Confused and monotonous 'Dracula Untold' is a poor start to Universal's long-term plans
Dracula Untold Universal Pictures
Director: Gary Shore
Screenplay: Matt Sazama and Burk Sharpless, based on characters created by Bram Stoker
Starring: Luke Evans, Sarah Gadon, Dominic Cooper, Art Parkinson, Paul Kaye and Charles Dance
Rated PG-13 / 1 hour, 32 minutes
October 10, 2014
(out of four)
Dracula Untold is a movie that exists just because. There was no groundswell of fans clamoring for a new Dracula movie, like there might be for James Bond or Batman. There is nothing in the market to suggest that classical horror monsters are suddenly back in fashion. (Just ask Aaron Eckhart.) And there was certainly no singular vision that simply demanded that this version of the story be brought to the screen.
But a new Dracula movie was made nonetheless, because Dracula is a character people know and a brand people recognize, and that means studios will continue to make Dracula movies simply because they can. And hey, who doesn't love a good Dracula movie? Count me in. But then again, we're not talking about a good Dracula movie here. We're talking about Dracula Untold, a film completely devoid of personality and purpose.
The most noteworthy thing about it - the only thing that suggests any sense of direction - is the denouement, which was tacked on after the fact so that the film, and Luke Evans' incarnation of the character, could fit in with a recently announced shared universe of Universal (wink) movie monsters. Yes, that final scene feels every bit as tacked-on as it sounds, but I'll leave it at that.
The problem is, now that Untold is the first piece of something it never intended to be a part of, the studio may well regret having this be the kickstarter for this expanded world. (In much the same way Marvel tries to avoid acknowledging the Edward Norton-starring The Incredible Hulk, which was the second entry in the Marvel Cinematic Universe and, yes, is still MCU canon.) This is so clearly a movie that has no idea what it's trying to do - seemingly cobbled together with little heed for coherence - that it couldn't possibly be of a piece with a whole series of other movies and characters. It's not even of a piece with itself.
Its actual scale dwarfed by its apparent ambition, Dracula Untold tries to look and sound like an epic period piece but haphazardly stampedes through all of its plot points without ever going back to make sure they fit together.
The film pits the Transylvanians against the Turks in a pending war, with the noble warrior-prince Vlad Tepes (Evans) caught in the middle and fighting for his people using his newfound (but temporary) vampiric indestructibility. For large chunks of the story, it's unclear who knows what about Vlad's plight, or how they know it, or what implications that knowledge may or may not have. Now blessed with superhuman strength, speed and hearing - and the ability to dissipate into a colony of bats whenever he feels like it - he should be able to take out the Turkish army pretty much by himself, shouldn't he? We see him in action - he's unstoppable on his own. And yet the Turks seemingly keep gaining ground and confidence.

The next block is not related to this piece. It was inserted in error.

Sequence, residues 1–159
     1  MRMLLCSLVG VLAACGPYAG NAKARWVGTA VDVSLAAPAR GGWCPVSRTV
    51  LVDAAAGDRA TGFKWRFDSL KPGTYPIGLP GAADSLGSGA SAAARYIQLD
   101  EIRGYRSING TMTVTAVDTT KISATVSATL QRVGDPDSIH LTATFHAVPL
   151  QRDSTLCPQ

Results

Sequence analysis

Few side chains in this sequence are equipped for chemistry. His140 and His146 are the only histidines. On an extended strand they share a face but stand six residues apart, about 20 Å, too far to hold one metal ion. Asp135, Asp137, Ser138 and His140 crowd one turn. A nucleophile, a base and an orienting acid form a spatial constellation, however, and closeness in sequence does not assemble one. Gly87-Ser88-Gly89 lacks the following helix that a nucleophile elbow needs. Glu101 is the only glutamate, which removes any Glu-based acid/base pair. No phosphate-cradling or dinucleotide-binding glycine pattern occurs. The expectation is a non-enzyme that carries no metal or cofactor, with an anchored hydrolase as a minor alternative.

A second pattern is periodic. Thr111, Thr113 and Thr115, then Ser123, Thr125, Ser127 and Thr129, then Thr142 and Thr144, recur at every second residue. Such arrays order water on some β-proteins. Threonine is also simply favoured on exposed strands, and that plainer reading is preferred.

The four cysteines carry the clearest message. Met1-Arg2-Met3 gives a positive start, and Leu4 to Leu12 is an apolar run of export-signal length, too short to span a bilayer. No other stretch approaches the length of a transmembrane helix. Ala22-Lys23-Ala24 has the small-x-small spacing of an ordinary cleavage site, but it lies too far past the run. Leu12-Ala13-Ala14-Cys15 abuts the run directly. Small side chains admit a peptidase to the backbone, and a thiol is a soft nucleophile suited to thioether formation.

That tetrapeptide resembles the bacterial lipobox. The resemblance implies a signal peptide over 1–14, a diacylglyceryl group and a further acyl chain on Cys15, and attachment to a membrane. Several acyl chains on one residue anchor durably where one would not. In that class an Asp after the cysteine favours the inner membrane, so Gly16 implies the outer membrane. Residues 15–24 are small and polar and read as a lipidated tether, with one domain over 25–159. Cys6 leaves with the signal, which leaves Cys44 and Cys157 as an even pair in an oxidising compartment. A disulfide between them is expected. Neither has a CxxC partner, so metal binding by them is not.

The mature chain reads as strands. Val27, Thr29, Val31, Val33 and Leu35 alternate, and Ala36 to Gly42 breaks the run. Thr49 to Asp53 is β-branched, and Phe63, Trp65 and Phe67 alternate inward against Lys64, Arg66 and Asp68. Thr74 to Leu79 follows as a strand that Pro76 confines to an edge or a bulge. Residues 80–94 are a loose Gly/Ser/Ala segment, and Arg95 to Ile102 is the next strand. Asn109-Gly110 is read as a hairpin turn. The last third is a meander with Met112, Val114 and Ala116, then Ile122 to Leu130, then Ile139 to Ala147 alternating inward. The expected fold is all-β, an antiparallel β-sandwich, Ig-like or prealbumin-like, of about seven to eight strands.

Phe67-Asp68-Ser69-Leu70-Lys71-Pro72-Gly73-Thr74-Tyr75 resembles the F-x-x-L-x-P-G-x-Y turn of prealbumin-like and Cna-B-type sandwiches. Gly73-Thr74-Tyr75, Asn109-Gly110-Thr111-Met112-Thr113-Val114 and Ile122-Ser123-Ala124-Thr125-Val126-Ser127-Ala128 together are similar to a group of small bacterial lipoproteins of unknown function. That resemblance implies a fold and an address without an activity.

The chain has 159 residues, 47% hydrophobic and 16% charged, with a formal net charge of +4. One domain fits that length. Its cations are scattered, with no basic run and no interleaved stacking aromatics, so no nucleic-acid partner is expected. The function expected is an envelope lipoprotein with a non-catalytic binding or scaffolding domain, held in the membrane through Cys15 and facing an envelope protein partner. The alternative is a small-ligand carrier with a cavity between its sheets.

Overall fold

In fact, director Gary Shore - working from a script by Matt Sazama and Burk Sharpless based on the (now largely discredited) theory that the iconic vampire was based on Vlad the Impaler - doesn't really know what to do with the character's newfound abilities. They provide the film with action, but the action never means much, or has much impact, until the big finale. And by that point, Vlad, Dracula, or whatever he wants to call himself, has been sapped of all interest.
The film's screenplay seems to consist of a hodgepodge of competing ideas, some of which pay off down the line and some of which are ostensibly forgotten or ignored. One example: In the middle of this three-day war, Vlad's people begin to realize what has happened to their leader. So they abruptly decide to burn him to death. He emerges nearly unscathed a few moments later - stepping outside when the sun is obscured by clouds - and admonishes his once-loyal followers with all the authority of a self-serious man of royalty who has just been the victim of a prank. "Alright, you guys, knock it off. Now let's go fight some Turks." And so they do, and the incident is ... well, if not forgotten, certainly tabled for a later date.
For his debut feature, Shore has gone out of his way to make it look as cheap and monotonous as possible. It feels like practically the entire film is made up of ugly day-for-night shots. The effect is not the romantic moonlight-blue of dusk or dawn; rather it just looks like inept lighting, creating a visual experience that's difficult to see and aggravating to watch. I actually wonder if it's a rating issue. Despite its frequent blood, Dracula Untold is PG-13 (the better to create a multi-brand shared movie universe with, my dear); with its monochrome aesthetic, the film's blood appears ambiguously black. If it appeared red, I'd have to imagine the movie would have garnered an R, because the MPAA ratings board is useless and has no understanding of tone.
The color issue is one of those tricks you see now and then. It's common in horror movie trailers, which are "approved for all audiences" because its shots of blood are all modified to a murky brown color - as if no one can tell what liquid is squirting on the walls right as someone is screaming in terror - so they can get away with showing what would otherwise be unapproved.
Ratings-wise, I claim no preference. But I do wonder how much of an impact that made on Shore's visual choices. Ultimately, the rating wouldn't matter much. Whether the gore appeared in bright crimson ribbons or muddy black pools, neither color could do much to fix such clunky storytelling and ineffectual world-building.